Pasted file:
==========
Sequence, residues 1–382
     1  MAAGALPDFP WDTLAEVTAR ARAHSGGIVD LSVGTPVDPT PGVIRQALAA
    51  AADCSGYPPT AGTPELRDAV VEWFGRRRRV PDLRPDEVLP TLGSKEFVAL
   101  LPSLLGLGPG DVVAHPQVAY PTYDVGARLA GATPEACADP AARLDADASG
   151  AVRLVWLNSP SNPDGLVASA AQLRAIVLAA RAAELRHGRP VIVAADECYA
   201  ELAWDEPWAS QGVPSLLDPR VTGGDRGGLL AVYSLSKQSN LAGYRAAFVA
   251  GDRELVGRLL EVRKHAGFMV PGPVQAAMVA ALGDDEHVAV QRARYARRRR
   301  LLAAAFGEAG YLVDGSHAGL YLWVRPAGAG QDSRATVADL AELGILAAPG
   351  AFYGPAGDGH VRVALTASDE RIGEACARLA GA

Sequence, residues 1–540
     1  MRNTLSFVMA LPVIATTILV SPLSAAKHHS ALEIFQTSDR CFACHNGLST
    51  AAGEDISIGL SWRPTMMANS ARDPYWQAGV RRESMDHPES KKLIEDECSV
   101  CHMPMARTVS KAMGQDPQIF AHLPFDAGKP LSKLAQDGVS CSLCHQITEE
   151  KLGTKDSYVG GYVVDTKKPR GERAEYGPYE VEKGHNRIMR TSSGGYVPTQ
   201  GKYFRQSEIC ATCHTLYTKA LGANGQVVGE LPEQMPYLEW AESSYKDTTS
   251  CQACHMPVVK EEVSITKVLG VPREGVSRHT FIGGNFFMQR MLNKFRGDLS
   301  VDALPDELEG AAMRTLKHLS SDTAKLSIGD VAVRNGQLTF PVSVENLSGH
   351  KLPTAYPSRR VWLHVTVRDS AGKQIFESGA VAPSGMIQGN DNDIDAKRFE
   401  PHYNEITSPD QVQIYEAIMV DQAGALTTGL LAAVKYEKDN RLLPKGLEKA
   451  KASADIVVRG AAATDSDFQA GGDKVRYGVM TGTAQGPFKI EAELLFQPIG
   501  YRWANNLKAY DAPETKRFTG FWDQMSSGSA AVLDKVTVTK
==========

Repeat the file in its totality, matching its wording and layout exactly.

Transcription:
Sequence, residues 1–382
     1  MAAGALPDFP WDTLAEVTAR ARAHSGGIVD LSVGTPVDPT PGVIRQALAA
    51  AADCSGYPPT AGTPELRDAV VEWFGRRRRV PDLRPDEVLP TLGSKEFVAL
   101  LPSLLGLGPG DVVAHPQVAY PTYDVGARLA GATPEACADP AARLDADASG
   151  AVRLVWLNSP SNPDGLVASA AQLRAIVLAA RAAELRHGRP VIVAADECYA
   201  ELAWDEPWAS QGVPSLLDPR VTGGDRGGLL AVYSLSKQSN LAGYRAAFVA
   251  GDRELVGRLL EVRKHAGFMV PGPVQAAMVA ALGDDEHVAV QRARYARRRR
   301  LLAAAFGEAG YLVDGSHAGL YLWVRPAGAG QDSRATVADL AELGILAAPG
   351  AFYGPAGDGH VRVALTASDE RIGEACARLA GA

Sequence, residues 1–540
     1  MRNTLSFVMA LPVIATTILV SPLSAAKHHS ALEIFQTSDR CFACHNGLST
    51  AAGEDISIGL SWRPTMMANS ARDPYWQAGV RRESMDHPES KKLIEDECSV
   101  CHMPMARTVS KAMGQDPQIF AHLPFDAGKP LSKLAQDGVS CSLCHQITEE
   151  KLGTKDSYVG GYVVDTKKPR GERAEYGPYE VEKGHNRIMR TSSGGYVPTQ
   201  GKYFRQSEIC ATCHTLYTKA LGANGQVVGE LPEQMPYLEW AESSYKDTTS
   251  CQACHMPVVK EEVSITKVLG VPREGVSRHT FIGGNFFMQR MLNKFRGDLS
   301  VDALPDELEG AAMRTLKHLS SDTAKLSIGD VAVRNGQLTF PVSVENLSGH
   351  KLPTAYPSRR VWLHVTVRDS AGKQIFESGA VAPSGMIQGN DNDIDAKRFE
   401  PHYNEITSPD QVQIYEAIMV DQAGALTTGL LAAVKYEKDN RLLPKGLEKA
   451  KASADIVVRG AAATDSDFQA GGDKVRYGVM TGTAQGPFKI EAELLFQPIG
   501  YRWANNLKAY DAPETKRFTG FWDQMSSGSA AVLDKVTVTK